Many bedding and perennial crops are propagated from December through March, when the day length is short and the angle of the sun is relatively low. During this time, the DLI is low, especially in the northern half of the United States and in Canada. We have shown that a low DLI during propagation can inhibit rooting of cuttings and seedlings. For example, cuttings of petunia rooted under a very low DLI took longer to become established compared with a higher DLI (Figure 2, page 29). Therefore, during the darkest periods of the year (December and January), supplemental lighting from high-pressure sodium (HPS) lamps can shorten liner production time.

Many Northern propagators of young plants have HPS lighting in only a part of their greenhouses. Greenhouse growers asked when lighting would have the biggest impact if they could provide lighting during only a portion of the plug stage.

In our research, we provided HPS lighting during different seedling stages; in general, lighting had the most benefit when the natural DLI was low and during the later part of the seedling stage. For example, we provided HPS lighting to petunia seedlings at two intensities (low [L], 20 foot-candles, or high [H], 630 foot-candles) from 6 a.m. to 10 p.m., when the outside light intensity was less than 900 foot-candles. When plugs received high light for only one-third of the production period (HLL, LHL or LLH, with each letter representing nine days), shoot mass was greatest when the high HPS lighting was provided during the last third (LLH) (Figure 3, page 30). Plant growth continued to increase with an increase in the duration of the lighting period.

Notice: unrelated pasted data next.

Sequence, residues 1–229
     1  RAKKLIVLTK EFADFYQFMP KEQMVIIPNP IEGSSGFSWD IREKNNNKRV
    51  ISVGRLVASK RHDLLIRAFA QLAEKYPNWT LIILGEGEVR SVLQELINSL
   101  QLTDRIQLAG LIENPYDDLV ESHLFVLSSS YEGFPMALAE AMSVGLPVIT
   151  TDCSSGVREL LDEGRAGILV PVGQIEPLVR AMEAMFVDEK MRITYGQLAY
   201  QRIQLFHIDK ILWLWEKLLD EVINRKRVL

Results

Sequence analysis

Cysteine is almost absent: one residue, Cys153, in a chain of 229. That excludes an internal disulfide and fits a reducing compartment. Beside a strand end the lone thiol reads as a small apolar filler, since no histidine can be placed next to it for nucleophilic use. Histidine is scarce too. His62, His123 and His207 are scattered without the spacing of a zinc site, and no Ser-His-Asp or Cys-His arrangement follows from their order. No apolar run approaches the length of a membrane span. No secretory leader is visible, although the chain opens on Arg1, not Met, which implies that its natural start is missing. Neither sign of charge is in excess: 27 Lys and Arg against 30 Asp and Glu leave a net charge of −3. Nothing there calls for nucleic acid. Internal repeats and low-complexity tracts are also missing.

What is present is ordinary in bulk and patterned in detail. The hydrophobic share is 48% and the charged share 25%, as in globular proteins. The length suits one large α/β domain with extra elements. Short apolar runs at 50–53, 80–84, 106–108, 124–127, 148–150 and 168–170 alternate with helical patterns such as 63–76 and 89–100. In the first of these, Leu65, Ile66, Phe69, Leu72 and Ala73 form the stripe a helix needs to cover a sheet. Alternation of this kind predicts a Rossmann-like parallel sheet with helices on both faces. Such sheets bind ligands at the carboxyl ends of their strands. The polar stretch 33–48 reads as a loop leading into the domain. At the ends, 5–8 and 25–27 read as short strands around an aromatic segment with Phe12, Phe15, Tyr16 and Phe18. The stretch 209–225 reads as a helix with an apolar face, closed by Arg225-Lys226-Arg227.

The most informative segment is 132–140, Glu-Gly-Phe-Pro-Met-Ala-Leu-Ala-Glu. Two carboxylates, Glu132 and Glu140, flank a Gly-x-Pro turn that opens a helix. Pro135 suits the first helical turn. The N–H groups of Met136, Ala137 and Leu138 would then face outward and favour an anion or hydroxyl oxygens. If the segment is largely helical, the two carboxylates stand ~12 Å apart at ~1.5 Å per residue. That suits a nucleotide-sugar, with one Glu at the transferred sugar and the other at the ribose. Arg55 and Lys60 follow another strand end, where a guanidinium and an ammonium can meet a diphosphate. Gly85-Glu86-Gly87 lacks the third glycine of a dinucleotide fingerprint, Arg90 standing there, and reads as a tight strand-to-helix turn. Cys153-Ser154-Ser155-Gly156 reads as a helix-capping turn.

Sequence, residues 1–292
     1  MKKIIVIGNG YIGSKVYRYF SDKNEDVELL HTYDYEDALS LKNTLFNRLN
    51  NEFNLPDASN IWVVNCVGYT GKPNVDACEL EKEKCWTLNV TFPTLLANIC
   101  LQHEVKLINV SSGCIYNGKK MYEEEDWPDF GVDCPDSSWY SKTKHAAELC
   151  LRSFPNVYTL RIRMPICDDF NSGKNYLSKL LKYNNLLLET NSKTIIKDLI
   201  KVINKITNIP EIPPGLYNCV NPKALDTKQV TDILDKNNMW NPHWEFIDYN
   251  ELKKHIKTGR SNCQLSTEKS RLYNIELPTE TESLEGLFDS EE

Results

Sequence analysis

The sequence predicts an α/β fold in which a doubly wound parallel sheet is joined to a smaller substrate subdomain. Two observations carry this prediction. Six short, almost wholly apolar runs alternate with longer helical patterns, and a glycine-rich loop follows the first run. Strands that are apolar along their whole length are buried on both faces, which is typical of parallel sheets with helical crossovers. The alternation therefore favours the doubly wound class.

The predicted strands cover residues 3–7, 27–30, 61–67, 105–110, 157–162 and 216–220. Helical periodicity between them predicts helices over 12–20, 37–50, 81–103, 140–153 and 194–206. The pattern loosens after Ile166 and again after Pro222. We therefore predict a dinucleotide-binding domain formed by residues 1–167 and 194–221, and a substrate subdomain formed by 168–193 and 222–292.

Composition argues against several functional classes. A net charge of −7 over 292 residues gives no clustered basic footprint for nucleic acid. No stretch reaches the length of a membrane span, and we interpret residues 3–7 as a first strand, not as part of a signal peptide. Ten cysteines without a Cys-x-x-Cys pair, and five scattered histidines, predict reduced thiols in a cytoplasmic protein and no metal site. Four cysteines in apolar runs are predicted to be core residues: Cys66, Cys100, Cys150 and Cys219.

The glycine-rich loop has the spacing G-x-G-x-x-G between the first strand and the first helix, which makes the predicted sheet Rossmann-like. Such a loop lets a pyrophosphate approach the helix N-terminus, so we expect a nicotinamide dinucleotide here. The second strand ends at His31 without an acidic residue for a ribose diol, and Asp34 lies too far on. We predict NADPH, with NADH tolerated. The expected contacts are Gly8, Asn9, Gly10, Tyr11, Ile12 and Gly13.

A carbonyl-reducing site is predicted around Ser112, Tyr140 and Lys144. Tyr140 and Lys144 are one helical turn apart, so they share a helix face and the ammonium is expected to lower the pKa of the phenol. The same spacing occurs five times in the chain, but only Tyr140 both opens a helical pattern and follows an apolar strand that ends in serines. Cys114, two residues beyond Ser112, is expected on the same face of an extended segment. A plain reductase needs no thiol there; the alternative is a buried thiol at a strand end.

In the past several years, we’ve also identified how DLI influences flowering and crop quality attributes on about 35 seed-propagated bedding plants. We have identified the “saturating DLI” with respect to flowering time, which is the DLI beyond which more light has little or no impact on timing of a particular species. This information has been published in articles and is being incorporated into the Virtual Grower computer program developed by the USDA.